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The sixth annual Transamerica Small Business Retirement Survey of employed adults shows that women in the United States are less prepared for retirement than men and face continuing challenges in planning for a financially secure future.

Despite similar participation rates between men and women in company-sponsored retirement plans, the survey found that female workers are less confident that they will be able to retire in a lifestyle they would consider comfortable and have less money saved for retirement compared to male workers ($71,800 for female workers versus $122,700 for male workers).

"Many women are suffering from a confidence crisis. They're much less likely than men to believe that their personal finances or the economy will improve in the next twelve months," says Catherine Collinson, retirement and market trends expert for the Transamerica Center for Retirement Studies. "More than half of women surveyed believe that they could work until age 65 and still not have saved enough for retirement—and if they don't take action, they may be right."

Women May Be Selling Themselves Short when It Comes to Retirement

Though women are less prepared for retirement than men, they feel just as strongly that a 401(k) plan is an important benefit. In fact, when asked to choose between excellent retirement benefits or a higher salary, women were more likely to choose the security of excellent retirement benefits.

While recognizing the importance of savings, women may not be taking full advantage of available savings vehicles. Although the survey results show that employed men and women started saving at the same age (27 was the median for both) and both participate in their company retirement plans at similar levels (76 percent of women and 75 percent of men), women lag behind men in several important areas:

  • Women report contributing a median of 6 percent of their pay to their company-sponsored retirement account, compared to 7 percent for men.
  • Women report spending just five hours a year monitoring and managing their retirement accounts, compared to 10 hours for men.
  • Women report lower current retirement savings ($71,800 for female workers versus $122,700 for male workers). · Women report not knowing as much as they should about retirement investing (80 percent for female workers versus 67 percent for male workers).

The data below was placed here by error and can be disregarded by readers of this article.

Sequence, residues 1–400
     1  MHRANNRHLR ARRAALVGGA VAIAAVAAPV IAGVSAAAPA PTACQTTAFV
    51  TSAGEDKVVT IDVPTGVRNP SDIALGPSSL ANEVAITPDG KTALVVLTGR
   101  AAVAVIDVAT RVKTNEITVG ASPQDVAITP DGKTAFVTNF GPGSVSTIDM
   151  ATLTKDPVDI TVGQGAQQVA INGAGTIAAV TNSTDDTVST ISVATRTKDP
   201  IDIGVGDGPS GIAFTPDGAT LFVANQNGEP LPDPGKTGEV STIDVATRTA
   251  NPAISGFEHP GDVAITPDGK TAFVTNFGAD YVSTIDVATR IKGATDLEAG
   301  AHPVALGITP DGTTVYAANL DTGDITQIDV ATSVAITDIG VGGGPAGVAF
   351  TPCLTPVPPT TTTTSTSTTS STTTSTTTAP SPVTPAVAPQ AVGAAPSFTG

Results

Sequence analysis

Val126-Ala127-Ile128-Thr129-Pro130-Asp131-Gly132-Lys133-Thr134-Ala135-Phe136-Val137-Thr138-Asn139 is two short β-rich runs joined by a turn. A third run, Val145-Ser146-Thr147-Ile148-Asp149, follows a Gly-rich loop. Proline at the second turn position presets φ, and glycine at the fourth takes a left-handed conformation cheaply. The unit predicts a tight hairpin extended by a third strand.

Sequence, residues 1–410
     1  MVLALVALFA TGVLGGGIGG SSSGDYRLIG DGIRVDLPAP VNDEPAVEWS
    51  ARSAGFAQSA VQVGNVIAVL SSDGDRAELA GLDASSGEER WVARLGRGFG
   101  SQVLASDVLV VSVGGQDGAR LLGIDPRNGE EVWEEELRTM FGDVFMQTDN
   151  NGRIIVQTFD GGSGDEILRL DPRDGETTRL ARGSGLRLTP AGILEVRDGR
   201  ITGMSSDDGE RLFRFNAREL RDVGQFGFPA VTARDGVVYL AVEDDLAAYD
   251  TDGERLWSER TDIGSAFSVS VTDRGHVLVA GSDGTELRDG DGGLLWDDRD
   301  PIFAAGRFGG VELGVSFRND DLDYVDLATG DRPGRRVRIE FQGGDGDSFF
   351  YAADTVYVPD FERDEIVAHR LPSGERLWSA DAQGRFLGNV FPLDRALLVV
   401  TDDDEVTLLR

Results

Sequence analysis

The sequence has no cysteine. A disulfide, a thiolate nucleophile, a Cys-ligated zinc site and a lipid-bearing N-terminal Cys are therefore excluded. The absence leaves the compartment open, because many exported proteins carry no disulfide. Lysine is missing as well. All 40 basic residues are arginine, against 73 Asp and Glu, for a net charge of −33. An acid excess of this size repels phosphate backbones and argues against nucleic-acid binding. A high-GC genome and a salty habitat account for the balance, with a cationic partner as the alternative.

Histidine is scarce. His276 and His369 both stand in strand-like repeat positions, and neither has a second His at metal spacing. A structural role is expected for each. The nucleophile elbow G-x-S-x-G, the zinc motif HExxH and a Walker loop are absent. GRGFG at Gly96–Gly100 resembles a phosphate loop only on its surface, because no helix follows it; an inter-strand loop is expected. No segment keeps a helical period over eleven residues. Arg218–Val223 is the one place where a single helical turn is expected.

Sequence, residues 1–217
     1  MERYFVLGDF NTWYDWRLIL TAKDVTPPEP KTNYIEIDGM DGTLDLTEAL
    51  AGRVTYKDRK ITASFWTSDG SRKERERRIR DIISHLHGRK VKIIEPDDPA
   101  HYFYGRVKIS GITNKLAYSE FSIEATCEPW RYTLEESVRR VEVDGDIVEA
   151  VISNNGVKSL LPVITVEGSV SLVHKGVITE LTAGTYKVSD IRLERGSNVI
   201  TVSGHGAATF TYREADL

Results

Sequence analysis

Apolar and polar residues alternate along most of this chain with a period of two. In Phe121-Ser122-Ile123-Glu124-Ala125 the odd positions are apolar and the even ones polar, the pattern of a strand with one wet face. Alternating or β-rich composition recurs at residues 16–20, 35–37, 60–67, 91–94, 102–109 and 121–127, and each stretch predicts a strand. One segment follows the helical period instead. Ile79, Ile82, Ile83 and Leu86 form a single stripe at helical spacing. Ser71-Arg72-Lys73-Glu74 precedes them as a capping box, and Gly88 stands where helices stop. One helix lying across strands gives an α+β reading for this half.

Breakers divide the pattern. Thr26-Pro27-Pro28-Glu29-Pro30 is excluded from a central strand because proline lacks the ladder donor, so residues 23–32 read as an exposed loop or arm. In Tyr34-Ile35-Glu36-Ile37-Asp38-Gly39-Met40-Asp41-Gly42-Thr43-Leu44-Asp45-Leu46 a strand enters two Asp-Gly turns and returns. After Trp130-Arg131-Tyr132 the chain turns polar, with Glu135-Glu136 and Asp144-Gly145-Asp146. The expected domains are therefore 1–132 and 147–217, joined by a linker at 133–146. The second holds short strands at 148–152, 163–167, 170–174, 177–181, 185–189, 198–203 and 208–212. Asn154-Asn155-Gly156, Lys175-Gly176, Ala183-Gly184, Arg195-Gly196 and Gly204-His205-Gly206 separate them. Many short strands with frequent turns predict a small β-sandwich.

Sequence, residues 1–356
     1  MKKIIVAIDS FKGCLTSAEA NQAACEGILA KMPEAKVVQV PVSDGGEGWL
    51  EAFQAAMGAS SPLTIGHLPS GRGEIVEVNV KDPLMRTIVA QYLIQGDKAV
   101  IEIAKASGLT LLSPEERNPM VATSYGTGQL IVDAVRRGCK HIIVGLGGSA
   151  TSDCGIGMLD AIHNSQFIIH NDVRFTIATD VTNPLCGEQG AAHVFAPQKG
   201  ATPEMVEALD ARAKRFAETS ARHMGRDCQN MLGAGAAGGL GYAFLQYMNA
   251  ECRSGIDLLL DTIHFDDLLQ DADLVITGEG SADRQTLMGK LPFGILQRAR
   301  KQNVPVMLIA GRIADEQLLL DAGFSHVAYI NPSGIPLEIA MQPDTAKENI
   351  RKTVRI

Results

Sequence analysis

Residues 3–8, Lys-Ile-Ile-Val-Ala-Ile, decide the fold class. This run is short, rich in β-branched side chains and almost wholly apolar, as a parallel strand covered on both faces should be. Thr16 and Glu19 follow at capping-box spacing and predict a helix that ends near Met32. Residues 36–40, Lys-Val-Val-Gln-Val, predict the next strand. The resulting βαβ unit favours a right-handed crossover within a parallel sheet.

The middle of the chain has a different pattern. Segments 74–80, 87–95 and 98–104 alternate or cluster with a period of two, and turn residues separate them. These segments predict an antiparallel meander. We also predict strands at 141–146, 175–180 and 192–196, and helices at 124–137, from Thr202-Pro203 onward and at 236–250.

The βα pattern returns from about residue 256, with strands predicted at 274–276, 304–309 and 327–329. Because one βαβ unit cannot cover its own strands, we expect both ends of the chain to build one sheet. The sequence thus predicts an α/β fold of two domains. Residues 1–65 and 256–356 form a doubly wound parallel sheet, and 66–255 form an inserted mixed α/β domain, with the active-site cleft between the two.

• Despite having increasingly longer life expectancies, women estimate that they will need to save an average of just $639,000 to meet their retirement goals—one-third lower than men, who estimated they would need an average of $941,000.
  • Unfortunately, in assessing their needs for retirement, women may not be taking into consideration the additional challenges they face when it comes to saving.

"Women statistically live longer than men, are more likely to take time off from their careers or work part-time, and often earn less, said Collinson. "These circumstances create added challenges for women when it comes to saving, planning for retirement and budgeting for post-retirement expenses."

Small Changes Can Yield Big Results

The good news for women—as well as men—is that small changes in their savings strategy can make a big difference in helping to meet retirement savings goals. For example, by saving an extra $100 a month, a 30-year-old worker could increase the size of his or her retirement nest egg by over $200,000 at the age of 65.

At the same time, both men and women could benefit from more careful planning. According to the survey, about one-third (31 percent) of both men and women are guilty of basing their estimates on guesswork, rather than on a worksheet or calculator (12 percent) or with the help of an advisor (9 percent).

"Although saving and planning for retirement may seem daunting, it can be quite empowering," concludes Collinson. "Women have the ability to positively influence their financial destinies. Timely actions taken today will ultimately enable women to achieve a more comfortable and secure retirement."

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